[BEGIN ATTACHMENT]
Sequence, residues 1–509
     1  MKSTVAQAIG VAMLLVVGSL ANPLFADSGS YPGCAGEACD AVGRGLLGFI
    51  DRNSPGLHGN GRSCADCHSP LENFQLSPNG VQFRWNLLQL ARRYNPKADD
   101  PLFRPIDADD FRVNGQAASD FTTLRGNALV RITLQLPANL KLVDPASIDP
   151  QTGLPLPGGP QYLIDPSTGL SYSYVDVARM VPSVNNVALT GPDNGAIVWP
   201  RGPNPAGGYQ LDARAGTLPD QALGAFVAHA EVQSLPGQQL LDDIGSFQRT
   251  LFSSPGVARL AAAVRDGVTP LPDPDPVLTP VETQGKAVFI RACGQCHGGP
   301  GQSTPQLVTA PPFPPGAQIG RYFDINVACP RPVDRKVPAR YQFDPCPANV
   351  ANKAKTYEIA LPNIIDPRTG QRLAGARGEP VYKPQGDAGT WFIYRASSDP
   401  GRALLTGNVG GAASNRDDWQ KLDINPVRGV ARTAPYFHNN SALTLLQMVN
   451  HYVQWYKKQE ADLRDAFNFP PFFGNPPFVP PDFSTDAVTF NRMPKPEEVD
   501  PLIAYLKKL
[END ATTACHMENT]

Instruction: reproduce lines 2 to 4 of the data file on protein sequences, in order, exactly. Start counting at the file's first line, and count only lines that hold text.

     1  MKSTVAQAIG VAMLLVVGSL ANPLFADSGS YPGCAGEACD AVGRGLLGFI
    51  DRNSPGLHGN GRSCADCHSP LENFQLSPNG VQFRWNLLQL ARRYNPKADD
   101  PLFRPIDADD FRVNGQAASD FTTLRGNALV RITLQLPANL KLVDPASIDP